Here’s the nitty-gritty on naming a trust beneficiary, plus insights on trust mechanics and taxation, and why bequeathing a Roth IRA appeals to many investors.
Owners of a 401(k) plan or IRA account, depending on their estate and legacy-planning goals, have the option to name a trust as a beneficiary instead of an individual (e.g., spouse, child, grandchild, etc.).
In last week’s column, I covered the strict, complicated, and cumbersome IRS rules to be followed so that the oldest trust beneficiary can use his/her own life expectancy to determine post-death payouts, including the requirement that the trust qualify as a “look-through.” So long as the trust qualifies, the “stretch” technique (whereby payments can be “stretched” out over a period of time) can be utilized.
Instead, assuming the trust qualifies as a “look-through,” you must use the life expectancy of the oldest trust beneficiary for required minimum distributions (RMDs). For this reason, anyone naming multiple trust beneficiaries ideally should see that they are close in age. Further, if any of the trust beneficiaries is not an individual (e.g., estate, charity), there would be no designated beneficiary for distribution purposes, even if the trust qualifies as a look-through; thus, trust beneficiaries would not be able to stretch post-death RMDs over the life expectancy of the oldest beneficiary. If the trust fails to qualify as a look-through, then it has no life expectancy. Generally, the entire account must be distributed to the trust within five years.
Trust Mechanics: How Do They Work?
When a trust is named as the beneficiary, these are the steps to follow: First, the account should be retitled as an inherited IRA, 401(k), etc. In addition, the account is not paid out to the trust. Next, RMDs are made from the retirement account to the trust. In other words, the RMD is a distribution from the IRA and paid to the trust. Only the RMD amount must be moved, each year, from the IRA to the trust. Distributions are then made to beneficiaries following trust language. The trustee, assuming trust language permits, can make additional distributions, for example, upon attaining a minimum age, time, and or life event (from the trust) to the beneficiaries of the trust.
Retitling an Inherited IRA
A trust beneficiary should be retitled as follows:
John Smith, IRA (died February 1, 2018)
For the benefit of (FBO) James Smith, Trustee of the Smith Trust, beneficiary
It’s imperative that the account is registered using the trust federal identification number—not the Social Security of the deceased. Retitling an account incorrectly has severe consequences. Instead of having an inherited account, you will have distribution to the trust, subject to immediate taxation.
Reasons to Name a Trust Beneficiary
An owner of a retirement plan/account has a lot of latitude in naming a beneficiary. He/she could name a spouse, child, grandchild, friend, charity, estate, trust, or some combination. Is a trust, though, right for you? When, then, should someone consider naming a trust beneficiary? Although each family situation is particular to them, fairly common reasons for naming a trust beneficiary include: minors as a beneficiary; a disabled (“special needs”) individual; second marriages; creditor protection; estate taxes; or a beneficiary that doesn’t have the financial acumen to manage effectively his or her inheritance. In addition, consider naming a trust when the client has beneficiary “trust” concerns—a trust can protect a beneficiary from rapidly depleting an inheritance by including a spendthrift provision. Once again, trusts do not save on taxes; instead, the primary reason to name a trust as beneficiary is to control (post-death) distributions to beneficiaries.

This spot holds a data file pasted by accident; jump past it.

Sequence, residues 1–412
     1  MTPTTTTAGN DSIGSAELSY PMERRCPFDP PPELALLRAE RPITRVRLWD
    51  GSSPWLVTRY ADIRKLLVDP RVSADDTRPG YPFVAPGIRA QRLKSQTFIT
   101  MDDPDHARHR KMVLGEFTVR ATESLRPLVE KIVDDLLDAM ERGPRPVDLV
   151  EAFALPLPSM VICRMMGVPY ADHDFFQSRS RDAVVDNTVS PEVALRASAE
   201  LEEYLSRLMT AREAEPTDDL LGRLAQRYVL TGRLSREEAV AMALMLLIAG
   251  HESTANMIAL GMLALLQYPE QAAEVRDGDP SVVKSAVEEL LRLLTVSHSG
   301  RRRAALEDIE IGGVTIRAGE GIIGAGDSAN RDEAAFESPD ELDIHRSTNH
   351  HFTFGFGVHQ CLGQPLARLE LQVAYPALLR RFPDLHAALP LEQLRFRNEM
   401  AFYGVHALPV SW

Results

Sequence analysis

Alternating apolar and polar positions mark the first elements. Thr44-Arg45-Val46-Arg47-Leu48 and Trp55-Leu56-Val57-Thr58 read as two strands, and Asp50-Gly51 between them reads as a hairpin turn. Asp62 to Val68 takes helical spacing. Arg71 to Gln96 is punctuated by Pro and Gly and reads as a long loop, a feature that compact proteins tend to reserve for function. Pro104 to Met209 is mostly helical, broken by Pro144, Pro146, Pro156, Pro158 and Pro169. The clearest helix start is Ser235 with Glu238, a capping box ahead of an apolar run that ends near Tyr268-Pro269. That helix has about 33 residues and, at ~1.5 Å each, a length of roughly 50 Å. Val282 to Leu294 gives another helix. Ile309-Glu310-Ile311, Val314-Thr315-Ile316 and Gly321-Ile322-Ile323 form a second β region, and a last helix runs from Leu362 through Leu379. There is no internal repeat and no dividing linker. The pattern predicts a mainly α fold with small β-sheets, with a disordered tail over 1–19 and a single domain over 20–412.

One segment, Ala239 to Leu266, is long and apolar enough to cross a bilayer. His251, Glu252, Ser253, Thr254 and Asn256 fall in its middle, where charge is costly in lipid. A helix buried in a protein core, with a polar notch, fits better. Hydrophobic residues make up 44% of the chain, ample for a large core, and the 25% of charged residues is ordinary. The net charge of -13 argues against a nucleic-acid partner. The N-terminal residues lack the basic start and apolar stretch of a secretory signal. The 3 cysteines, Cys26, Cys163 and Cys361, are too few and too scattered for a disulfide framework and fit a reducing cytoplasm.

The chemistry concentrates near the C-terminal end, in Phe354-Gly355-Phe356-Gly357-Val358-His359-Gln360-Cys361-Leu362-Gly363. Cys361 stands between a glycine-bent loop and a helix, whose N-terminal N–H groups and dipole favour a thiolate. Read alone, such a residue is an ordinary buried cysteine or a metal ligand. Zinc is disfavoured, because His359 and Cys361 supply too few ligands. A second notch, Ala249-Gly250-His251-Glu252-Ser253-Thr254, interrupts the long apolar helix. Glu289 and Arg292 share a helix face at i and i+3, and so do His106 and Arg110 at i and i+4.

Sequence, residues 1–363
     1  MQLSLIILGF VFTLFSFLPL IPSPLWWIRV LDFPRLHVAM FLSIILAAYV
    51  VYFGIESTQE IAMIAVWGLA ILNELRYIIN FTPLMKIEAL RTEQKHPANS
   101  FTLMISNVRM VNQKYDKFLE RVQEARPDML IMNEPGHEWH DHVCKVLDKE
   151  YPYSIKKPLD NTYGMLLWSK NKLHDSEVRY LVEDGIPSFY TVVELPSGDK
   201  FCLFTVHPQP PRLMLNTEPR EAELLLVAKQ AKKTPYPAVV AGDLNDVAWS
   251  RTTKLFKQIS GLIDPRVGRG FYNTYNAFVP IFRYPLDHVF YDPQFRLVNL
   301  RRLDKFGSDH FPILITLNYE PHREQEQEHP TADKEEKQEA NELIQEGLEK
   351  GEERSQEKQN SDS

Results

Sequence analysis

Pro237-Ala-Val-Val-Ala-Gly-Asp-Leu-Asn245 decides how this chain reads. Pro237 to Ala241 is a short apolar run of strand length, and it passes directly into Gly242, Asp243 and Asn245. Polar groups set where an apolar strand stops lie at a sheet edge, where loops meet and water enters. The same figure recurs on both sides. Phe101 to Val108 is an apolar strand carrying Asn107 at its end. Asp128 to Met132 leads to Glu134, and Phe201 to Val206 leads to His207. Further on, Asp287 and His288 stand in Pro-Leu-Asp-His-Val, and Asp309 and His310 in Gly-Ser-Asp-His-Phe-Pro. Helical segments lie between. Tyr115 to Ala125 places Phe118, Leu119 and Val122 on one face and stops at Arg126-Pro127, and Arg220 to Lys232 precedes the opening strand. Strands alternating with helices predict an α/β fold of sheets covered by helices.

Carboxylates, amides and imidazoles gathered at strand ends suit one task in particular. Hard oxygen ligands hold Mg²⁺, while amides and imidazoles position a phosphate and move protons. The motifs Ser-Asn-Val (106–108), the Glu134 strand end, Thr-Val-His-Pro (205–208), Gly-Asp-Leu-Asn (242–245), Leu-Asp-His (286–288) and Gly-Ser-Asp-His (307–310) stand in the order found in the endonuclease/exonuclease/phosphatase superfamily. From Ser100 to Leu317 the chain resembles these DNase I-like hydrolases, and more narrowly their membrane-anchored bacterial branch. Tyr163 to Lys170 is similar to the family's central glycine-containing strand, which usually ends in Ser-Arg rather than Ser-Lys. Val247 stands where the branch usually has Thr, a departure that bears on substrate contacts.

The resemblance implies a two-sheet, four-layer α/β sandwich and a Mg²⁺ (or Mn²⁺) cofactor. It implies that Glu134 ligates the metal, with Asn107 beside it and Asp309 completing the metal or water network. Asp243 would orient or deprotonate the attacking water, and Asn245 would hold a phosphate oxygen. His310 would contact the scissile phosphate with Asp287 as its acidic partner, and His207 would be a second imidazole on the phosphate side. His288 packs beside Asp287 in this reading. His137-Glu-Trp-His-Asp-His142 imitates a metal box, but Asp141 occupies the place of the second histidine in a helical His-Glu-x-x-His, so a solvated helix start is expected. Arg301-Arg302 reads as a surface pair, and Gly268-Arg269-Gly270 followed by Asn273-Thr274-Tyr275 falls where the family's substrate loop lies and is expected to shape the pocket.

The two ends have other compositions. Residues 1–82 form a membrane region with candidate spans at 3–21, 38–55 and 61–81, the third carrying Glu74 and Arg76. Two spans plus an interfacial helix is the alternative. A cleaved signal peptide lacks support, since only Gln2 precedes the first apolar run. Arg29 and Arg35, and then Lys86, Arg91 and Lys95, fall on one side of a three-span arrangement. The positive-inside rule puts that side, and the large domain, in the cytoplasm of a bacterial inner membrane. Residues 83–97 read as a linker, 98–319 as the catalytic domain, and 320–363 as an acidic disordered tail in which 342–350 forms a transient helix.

Trust Beneficiary and Taxes
Virtually every trust has its own unique set of rules, and each family has its own dynamics. So, when assessing a trust, consider taking a team approach to designing and implementing it. Involve all centers of influence, such as a tax professional, an attorney, and the trustee, in addition to the client. Notably, a client can make his or her trust as liberal as they want, or conversely, if they want more post-death control, as rigid as they like. It’s up to the client—with one caveat: the inherited IRA must pay out at least the required minimum amount (to the trust) annually.
Using a trust to inherit an IRA poses several tax risks if not designed properly. First, the trust could wind up paying higher taxes than heirs would. For example, in 2018, the top trust tax rate of 37% applies to income exceeding $12,500 versus income exceeding $600,000 for married individuals filing jointly ($500,000 for single taxpayers). However, heirs can avoid paying the higher trust tax rate, assuming the trustee can pass all distributions to the trust beneficiary, as opposed to retaining income inside the trust.
The 3.8% investment surtax also needs to be addressed. The surtax applies to taxpayers whose modified adjusted gross income (MAGI) exceeds $200,000 or $250,000 (not indexed to inflation) for married couples filing jointly versus a lower income level for trusts. The threshold for trusts in 2018 is $12,500.
Tip: Periodically review language ensuring the trust continues to meet client objectives. A review is especially important now that tax reform has been implemented.
With some advanced planning, a trust can offer the trustee both the needed flexibility and discretion to decide how much income to distribute to beneficiaries based on their needs, along with how much income will remain after taxes.
Want to know more about whether you should consider leaving a Roth to a Trust? Download the complete article from Lord Abbett now.